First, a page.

UCLA scientists have made a major advance in understanding the biology of schizophrenia. Using a recently developed technology for analyzing DNA, the scientists found dozens of genes and two major biological pathways that are likely involved in the development of the disorder but had not been uncovered in previous genetic studies of schizophrenia. The work provides important new information about how schizophrenia originates and points the way to more detailed studies — and possibly better treatments in the future.The study, which is published online in the journal Nature.

Schizophrenia has long been known to be highly genetic; it often runs in families. A large genome-wide association study of people with schizophrenia, published in 2014, linked the disorder to small DNA variations at more than 100 distinct locations on the human genome, which is the complete set of DNA for humans. However, most of those locations lie outside of actual genes, so their roles in schizophrenia have been unclear. Genome-wide study analyses of other major diseases have come up with similarly puzzling results.

In some cases, the non-gene locations identified in these studies have turned out to be what are known as “regulatory regions,” which serve to enhance or repress the activity of genes lying near them on the genome. But many of these disease-linked locations have no obvious gene target nearby on the genome.

One possibility is that these mysterious disease-linked locations are also regulatory regions that target genes lying relatively far away on the genome. They could do this if they are brought physically close to those “distant” genes by the complex twisting and looping that DNA undergoes when packaged into a chromosome, just as two opposite ends of a rope can end up close together when the rope is coiled.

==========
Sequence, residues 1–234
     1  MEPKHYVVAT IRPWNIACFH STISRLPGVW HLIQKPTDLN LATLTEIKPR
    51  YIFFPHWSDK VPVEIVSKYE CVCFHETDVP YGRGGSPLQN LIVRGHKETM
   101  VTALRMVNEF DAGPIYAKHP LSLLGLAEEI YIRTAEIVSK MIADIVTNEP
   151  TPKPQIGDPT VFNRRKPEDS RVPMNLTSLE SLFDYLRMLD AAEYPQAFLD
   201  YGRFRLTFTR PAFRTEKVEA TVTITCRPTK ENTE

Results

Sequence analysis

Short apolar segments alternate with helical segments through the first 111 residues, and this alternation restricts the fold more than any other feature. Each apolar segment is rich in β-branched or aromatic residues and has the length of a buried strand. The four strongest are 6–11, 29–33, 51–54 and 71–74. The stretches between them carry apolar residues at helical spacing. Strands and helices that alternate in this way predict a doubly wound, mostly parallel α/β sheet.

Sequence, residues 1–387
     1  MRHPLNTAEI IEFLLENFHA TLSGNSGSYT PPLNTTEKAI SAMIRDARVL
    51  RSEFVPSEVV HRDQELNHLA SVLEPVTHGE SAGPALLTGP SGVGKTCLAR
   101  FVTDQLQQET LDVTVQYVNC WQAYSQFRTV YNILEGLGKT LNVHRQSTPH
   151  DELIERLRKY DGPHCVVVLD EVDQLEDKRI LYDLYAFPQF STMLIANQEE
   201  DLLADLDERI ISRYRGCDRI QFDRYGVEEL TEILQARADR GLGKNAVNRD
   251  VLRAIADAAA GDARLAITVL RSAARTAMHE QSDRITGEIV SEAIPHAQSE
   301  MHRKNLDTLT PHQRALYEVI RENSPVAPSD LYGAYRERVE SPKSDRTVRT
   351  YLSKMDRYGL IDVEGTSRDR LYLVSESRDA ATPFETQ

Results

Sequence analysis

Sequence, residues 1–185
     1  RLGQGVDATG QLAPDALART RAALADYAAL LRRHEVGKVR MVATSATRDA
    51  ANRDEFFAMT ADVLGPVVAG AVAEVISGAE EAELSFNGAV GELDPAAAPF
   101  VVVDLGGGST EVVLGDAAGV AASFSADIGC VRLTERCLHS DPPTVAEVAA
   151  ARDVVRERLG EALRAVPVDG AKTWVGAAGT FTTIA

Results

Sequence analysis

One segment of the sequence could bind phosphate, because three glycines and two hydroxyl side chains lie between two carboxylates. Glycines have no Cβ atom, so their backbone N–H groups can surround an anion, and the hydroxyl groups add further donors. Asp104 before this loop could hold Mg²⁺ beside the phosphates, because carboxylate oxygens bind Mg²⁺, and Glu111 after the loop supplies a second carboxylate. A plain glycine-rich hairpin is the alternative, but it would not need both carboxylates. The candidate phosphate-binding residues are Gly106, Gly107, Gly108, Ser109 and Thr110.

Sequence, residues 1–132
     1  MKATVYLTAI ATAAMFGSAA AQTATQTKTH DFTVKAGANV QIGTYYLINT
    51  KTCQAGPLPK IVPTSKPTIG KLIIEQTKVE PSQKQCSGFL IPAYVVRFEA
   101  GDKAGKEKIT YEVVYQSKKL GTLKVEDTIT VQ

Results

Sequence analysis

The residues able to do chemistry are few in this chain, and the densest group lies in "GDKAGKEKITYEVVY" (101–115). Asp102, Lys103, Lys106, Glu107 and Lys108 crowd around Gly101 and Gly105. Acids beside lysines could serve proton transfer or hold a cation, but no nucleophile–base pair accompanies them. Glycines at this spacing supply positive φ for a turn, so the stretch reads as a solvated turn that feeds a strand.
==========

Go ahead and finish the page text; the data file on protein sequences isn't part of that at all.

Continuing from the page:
To investigate that possibility, Geschwind and his team used a relatively new, high-resolution version of a technology called “chromosome conformation capture,” which chemically marks and then maps the locations where loops of chromosomal DNA come into contact.

Because each cell type in the body can have subtly different 3-D chromosome structures, the researchers applied the technique to immature human brain cells from the cortex — the large region across the top of the brain that handles higher cognitive tasks. Schizophrenia is believed to be a disorder of abnormal cortical development.

The mapping revealed that most of the more than 100 schizophrenia-linked sites from the 2014 study contact known genes during brain development. Many of these are genes that already have been linked to schizophrenia in previous studies. Others had been suspected of involvement, for example because their level of activity in schizophrenics is known to be abnormal in the cortex.

The genes newly linked to schizophrenia in the study include several for brain cell receptors that are activated by the neurotransmitter acetylcholine, implying that variations in the functions of these receptors can help bring about schizophrenia.

“There’s a lot of clinical and pharmacologic data suggesting that changes in acetylcholine signaling in the brain can worsen schizophrenia symptoms, but until now there’s been no genetic evidence that it can help cause the disorder,” Geschwind said.The analysis also pointed for the first time to several genes that are involved in the early-life burst of brain cell production that gives rise to the cerebral cortex of humans.

In all, the researchers identified several hundred genes that may be abnormally regulated in schizophrenia but had not been linked to the disorder before. In further experiments and analyses of two dozen of those genes, they found additional evidence of abnormal regulation in schizophrenia.
As further studies clarify the roles of these genes in schizophrenia, scientists will get a more complete picture of how the disorder develops and persists, and should then be able to develop more effective treatments.

In principle, the 3-D chromosome mapping technology can be used to make sense of gene association data for any disease involving genetic risk. This same approach also can be used to discover relationships between genes and their regulatory regions in ordinary biological processes.
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Publication: Chromosome conformation elucidates regulatory relationships in developing human brain.
DOI: http://dx.doi.org/10.1038/nature19847
Journal: NatureNews
Research funding: National Institute of Health,  the National Science Foundation, Glenn/AFAR Postdoctoral Fellowship Program and the National Research Foundation of Korea.

Adapted from press release by UCLA